NOT in love with Paris

by Tiggered

I've been to Paris and I'm not impressed. Here are some reasons why.

I visited the City of Light a few years back and very much by accident. With a ticket to Oslo in my pocket, I arrived in Dublin airport only to find out that my plane had already departed. I quickly rescheduled and ended up in another city altogether, the one which so often gets depicted on the silver screen.

To my surprise, Paris turned out to be nothing like its cinematic image. With a sad sigh, I took off my rose-tinted spectacles and settled on collecting memories of the City of Light sans enchantment.

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Paris - image and reality

Paris at nightIf you think of Paris, what comes to your mind? Cafes, artists, marvelous landmarks, museums, baguettes, charm, glamour and charisma – am I right? If so, you are not alone. This is exactly the image of itself that Paris projects, or even sells to the world, America in particular. When I eventually ended up in Paris, I kept my eyes wide open to feast on this magical atmosphere and found… none. Or very little. Is it only me, I wonder? Or is the glamorous Paris only a product, an image to sell to millions of potential tourists? Let’s take a quick virtual tour to help you decide.

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Getting there

Ryanair aircraftIf rock bottom price is what you’re after, Ryanair is your best bet (within Europe). They are probably the worst and the cheapest airline in the world. For more details on ‘pleasures’ of travelling with Ryanair, please check back in a few weeks - I have a personal review coming up.  

It’s worth remembering that touching down does not equal arriving in Paris – there’s still 20 or more kilometres distance between the city and you. Getting a bus is easy enough – airport shuttles run seemingly every quarter, but be sure to reserve 20 euros/person in your budget to pay for the ticket.

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Staying there

views from ParisLet’s face it – Paris is a bloody expensive city and accommodation is no exception here. After hours of walking around in search of a cheap hostel, we settled on a 2 star hotel (I don’t even remember where), a pleasure that set us back by 75 euros a night (for a double room). 2 star hotels are fine standard-wise (unless you have some snobbish expectations), but rather difficult to find. This difficulty is exacerbated by the fact that you can travel the city for hours before finding an Internet cafe. If you’re travelling on a tight budget, do your research before you arrive or be ready for a long walk.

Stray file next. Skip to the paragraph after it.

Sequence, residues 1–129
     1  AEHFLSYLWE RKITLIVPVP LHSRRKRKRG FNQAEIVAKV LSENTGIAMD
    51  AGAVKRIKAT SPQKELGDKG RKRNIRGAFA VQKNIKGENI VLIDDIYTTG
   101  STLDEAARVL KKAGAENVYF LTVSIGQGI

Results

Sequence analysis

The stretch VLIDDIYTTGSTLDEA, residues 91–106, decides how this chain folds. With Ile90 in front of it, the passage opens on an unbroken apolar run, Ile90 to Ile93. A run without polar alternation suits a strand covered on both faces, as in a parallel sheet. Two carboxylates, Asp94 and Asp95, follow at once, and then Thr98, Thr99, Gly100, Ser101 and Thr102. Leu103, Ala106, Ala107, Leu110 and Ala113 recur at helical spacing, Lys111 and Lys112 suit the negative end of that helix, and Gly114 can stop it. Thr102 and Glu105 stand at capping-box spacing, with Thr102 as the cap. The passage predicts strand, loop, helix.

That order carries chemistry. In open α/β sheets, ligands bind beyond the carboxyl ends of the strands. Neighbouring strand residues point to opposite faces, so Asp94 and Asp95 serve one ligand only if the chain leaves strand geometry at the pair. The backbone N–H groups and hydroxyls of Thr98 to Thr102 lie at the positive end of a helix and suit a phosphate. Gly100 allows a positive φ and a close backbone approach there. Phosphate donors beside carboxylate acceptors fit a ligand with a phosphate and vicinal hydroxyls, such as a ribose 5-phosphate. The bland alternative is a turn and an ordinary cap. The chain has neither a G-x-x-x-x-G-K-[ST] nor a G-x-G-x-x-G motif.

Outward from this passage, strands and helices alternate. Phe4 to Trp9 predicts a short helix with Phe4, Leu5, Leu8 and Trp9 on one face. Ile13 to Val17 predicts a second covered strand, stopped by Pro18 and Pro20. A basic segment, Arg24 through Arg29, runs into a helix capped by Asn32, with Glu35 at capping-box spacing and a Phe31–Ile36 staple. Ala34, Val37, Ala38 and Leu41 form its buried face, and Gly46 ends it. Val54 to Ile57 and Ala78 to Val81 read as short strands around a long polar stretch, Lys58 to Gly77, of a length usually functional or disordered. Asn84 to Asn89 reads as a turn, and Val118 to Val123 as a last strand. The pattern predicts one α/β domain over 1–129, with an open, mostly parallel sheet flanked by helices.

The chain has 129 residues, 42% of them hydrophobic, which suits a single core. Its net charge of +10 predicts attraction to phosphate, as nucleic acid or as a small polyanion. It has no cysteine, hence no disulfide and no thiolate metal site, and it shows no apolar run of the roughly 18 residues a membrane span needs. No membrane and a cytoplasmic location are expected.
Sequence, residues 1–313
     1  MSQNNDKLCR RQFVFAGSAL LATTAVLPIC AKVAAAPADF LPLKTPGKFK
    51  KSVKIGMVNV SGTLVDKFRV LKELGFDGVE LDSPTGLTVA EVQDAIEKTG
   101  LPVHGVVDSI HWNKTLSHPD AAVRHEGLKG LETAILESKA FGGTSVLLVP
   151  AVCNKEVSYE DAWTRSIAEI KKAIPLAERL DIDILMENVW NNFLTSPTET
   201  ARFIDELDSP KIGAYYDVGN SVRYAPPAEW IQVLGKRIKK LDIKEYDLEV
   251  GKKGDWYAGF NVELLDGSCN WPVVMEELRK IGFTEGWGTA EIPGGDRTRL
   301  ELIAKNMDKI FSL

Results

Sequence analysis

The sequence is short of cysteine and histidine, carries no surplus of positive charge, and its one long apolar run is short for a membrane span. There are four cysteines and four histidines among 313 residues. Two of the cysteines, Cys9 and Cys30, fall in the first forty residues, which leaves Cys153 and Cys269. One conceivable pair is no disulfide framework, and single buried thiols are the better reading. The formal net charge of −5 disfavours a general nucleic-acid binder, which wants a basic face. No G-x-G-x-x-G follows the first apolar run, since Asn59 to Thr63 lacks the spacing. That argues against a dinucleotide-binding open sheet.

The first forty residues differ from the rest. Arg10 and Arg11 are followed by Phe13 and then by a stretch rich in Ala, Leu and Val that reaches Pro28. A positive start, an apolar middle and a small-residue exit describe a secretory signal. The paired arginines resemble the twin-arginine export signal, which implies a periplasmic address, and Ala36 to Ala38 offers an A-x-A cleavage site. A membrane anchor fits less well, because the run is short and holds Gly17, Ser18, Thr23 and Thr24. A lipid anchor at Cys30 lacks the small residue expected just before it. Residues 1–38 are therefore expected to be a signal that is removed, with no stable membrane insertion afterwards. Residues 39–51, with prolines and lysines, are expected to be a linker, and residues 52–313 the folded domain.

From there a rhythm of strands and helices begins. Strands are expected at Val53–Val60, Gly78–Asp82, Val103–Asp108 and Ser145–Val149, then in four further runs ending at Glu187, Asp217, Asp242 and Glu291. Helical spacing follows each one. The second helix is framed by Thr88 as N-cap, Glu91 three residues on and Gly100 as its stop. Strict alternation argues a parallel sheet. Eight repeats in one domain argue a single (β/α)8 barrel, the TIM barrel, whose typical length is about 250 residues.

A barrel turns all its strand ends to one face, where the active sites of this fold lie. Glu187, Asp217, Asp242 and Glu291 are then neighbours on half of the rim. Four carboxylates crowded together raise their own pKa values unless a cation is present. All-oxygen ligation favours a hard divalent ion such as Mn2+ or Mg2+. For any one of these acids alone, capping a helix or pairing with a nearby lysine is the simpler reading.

Oh, we did manage to find one hostel (after many hours of walking and asking around). The receptionist didn’t bother to end his private phone call when we arrived, after 5 minutes quoted us something around 60 euros, informed of 2 am curfew (%@$#!! I’m not a teenager anymore!) and then said they have no vacancies anyway. If all hostels in Paris stick to the same rules, I wouldn’t stay there even if they paid ME.

Consider yourself warned.

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Have you ever been to Paris?

Or maybe you are planning to?

Little stories from Paris

Starting with Notre Dame...

stained glass windowSure as hell, Notre Dame cathedral is beautiful. And easy to find. And one of the most characteristic landmarks of Paris. Why, then, after my short visit, I was disappointed, shocked and disgusted?

I don’t think any guidebook will tell you this, but Notre Dame Place is completely overrun with Gypsy women, begging (at least that’s what I encountered, and it wasn’t even the tourist season, my trip taking place in March). There’s hundreds of them, I’d hazard a guess that they even outnumber tourists. Each in colourful skirts, with golden teeth and a neat card spelling out her plight in English. One or another approaches you every second step you take and if you only refuse to give them any cash, they throw positive tantrums – how DARE you not to give them money! I swear, I must have accumulated about fifty Gypsy curses on my head during a half an hour stay. Not that I’ve noticed any adverse effects afterwards, but my Notre Dame memory is irreversibly flawed.

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Eiffel Tower

Eiffel towerHow come that none of the movies about Paris features armies of black-skinned hawkers crowding around the Eiffel Tower and trying to sell you key rings? Key rings come with all sorts of accoutrements, some being simply shiny metal, other fitted with battery-powered flashing lights, but basically every single one is the Tower in miniature. A perfect example of perfectly awful souvenir aimed solely at tourists with no taste. As with Notre Dame Gypsies, the hawkers number in tens if not hundreds and shake their goods with every step, turning the surroundings of Eiffel Tower into a horrible, jingling spectacle. We happened to be there (jingle jingle) during some sort of a police raid (jingle jingle jingle) and saw the whole hawking army run for cover at top speed (JINGLEJINGLEJINGLEJINGLE), but it didn’t help – half an hour later the place looked as if nothing had happened, with jingles from every corner just as before. Yuck.